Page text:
Minneapolis

Senators put YouTube, TikTok, Snap on defensive on kids’ use

2021-10-26 13:55:08 –

Washington — Senator put YouTube, TikTok, and Snapchat executives on Tuesday’s defense and asked what they’re doing to keep young users safe on the platform.

From eating disorders to exposure to sexually explicit content and materials promoting addictive drugs, lawmakers cite the potential harm that sites can do to vulnerable young people on social media. We also sought executive support for legislation that strengthens the protection of children. However, they received little firm commitment.

“The problem is clear. Big Tech is preying on children and teens to make more money,” said Senator Edward Marquee of D-Mass, Senator Trade Subcommittee on Consumer Protection. Said at the hearing.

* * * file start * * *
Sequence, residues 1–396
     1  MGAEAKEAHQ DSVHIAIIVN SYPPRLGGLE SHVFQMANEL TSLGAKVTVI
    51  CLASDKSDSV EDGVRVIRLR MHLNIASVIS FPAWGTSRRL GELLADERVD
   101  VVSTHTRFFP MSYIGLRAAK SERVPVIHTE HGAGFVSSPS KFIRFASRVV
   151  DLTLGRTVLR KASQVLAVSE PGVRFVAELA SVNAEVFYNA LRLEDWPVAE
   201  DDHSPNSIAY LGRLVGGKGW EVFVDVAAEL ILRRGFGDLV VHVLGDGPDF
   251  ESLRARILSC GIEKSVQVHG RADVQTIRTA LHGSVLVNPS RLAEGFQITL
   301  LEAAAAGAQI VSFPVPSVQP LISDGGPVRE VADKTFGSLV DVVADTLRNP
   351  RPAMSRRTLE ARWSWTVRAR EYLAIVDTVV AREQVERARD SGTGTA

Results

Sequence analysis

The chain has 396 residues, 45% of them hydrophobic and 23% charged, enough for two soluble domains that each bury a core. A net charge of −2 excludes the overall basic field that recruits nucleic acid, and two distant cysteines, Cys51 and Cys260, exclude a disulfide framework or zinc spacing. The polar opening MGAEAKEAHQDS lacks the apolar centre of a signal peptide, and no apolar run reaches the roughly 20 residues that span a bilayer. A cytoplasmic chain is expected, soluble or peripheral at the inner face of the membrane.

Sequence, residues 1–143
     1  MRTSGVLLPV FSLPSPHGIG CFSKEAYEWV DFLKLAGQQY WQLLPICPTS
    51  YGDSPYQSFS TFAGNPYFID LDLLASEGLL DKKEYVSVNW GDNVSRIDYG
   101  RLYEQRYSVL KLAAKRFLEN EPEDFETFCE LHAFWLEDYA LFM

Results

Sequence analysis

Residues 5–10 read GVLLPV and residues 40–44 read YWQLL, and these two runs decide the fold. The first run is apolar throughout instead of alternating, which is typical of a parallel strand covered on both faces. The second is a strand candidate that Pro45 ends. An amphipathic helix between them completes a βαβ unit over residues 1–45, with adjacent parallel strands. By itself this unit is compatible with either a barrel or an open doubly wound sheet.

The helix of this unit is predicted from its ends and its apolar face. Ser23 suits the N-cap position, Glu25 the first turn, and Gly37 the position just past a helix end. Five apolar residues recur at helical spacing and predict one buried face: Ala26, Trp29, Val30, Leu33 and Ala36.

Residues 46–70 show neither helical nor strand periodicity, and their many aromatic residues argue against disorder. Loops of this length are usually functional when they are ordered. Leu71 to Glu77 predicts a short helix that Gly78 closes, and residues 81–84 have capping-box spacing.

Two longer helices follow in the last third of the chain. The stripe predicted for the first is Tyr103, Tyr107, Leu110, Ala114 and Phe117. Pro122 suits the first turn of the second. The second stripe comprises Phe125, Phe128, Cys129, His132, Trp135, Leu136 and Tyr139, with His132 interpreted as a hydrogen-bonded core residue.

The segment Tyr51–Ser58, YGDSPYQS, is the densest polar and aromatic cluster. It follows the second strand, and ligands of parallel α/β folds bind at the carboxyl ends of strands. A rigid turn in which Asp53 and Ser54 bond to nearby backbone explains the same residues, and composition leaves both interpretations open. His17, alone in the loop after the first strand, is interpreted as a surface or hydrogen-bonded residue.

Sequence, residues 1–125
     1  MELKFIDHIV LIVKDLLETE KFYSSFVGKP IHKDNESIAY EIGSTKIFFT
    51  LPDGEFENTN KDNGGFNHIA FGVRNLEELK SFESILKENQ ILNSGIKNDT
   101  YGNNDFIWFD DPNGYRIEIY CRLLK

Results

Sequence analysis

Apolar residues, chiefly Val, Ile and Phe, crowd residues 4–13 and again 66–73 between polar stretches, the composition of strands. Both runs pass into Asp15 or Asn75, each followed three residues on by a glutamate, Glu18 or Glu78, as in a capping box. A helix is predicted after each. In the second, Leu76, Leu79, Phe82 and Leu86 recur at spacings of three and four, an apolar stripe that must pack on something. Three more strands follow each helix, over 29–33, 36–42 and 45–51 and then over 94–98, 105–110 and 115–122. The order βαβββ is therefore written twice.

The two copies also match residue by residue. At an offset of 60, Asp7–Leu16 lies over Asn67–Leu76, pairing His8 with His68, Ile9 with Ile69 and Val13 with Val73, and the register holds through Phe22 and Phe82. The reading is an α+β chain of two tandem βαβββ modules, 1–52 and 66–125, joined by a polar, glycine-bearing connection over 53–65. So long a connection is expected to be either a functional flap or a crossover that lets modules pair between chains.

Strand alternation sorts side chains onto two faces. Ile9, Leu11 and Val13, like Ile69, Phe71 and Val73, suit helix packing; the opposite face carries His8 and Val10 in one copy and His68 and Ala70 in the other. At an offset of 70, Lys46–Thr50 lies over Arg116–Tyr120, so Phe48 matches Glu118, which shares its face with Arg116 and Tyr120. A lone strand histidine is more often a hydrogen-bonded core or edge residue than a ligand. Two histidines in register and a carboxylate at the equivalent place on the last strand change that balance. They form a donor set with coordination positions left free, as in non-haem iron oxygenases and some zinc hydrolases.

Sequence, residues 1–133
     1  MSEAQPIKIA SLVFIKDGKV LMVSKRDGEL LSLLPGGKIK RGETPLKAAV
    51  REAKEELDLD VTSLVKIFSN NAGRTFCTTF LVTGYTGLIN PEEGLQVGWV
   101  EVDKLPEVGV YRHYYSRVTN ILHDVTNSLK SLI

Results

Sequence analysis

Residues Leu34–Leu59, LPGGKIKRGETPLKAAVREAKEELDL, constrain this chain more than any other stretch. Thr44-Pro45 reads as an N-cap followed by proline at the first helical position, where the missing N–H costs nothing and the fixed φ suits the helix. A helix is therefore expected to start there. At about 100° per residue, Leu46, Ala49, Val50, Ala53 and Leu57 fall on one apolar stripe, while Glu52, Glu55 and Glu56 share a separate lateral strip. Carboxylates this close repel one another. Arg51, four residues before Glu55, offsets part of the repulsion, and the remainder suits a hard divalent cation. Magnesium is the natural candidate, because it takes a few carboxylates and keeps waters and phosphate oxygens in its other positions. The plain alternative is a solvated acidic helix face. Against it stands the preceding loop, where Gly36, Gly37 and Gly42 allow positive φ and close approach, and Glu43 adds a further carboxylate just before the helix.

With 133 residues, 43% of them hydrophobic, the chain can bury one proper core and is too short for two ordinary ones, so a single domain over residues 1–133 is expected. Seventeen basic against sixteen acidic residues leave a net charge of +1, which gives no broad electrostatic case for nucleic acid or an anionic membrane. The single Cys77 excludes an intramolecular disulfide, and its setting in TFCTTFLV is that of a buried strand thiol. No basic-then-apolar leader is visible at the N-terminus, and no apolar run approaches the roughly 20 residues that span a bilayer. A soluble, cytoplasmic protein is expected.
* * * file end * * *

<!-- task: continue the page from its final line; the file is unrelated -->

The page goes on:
The subcommittee recently took testimony from a former Facebook data scientist. He released an in-house survey showing that the company’s Instagram photo-sharing service seems to be doing serious harm to some teens. The subcommittee is expanding its focus to explore other technology platforms with millions or billions of users competing for youth attention and loyalty.

D-Conn, the chair of the panel. Senator Richard Blumenthal said he was “listening to the same harm” caused by YouTube, TikTok and Snapchat.

“This is a big cigarette moment for Big Tech … it’s a calculation moment,” he said. “Accountable. Not this time.”

To that end, Marquee asked three executives — Michael Beckerman, Vice President of TikTok and Head of Public Policy in the Americas. Leslie Miller, Vice President of Government and Public Policy at Google, the owner of YouTube. Snap Inc, the parent company of Snapchat. Jennifer Stout, Vice President of Global Public Policy, gives children new privacy rights and upholds bipartisan legislation banning children’s targeted advertising and automatic video playback.

In a long exchange when Marquee tried to elicit a commitment to support, executives avoided providing direct approval and claimed that their platform complied with the limits already proposed. They said they were seeking dialogue with lawmakers as the legislation was being drafted.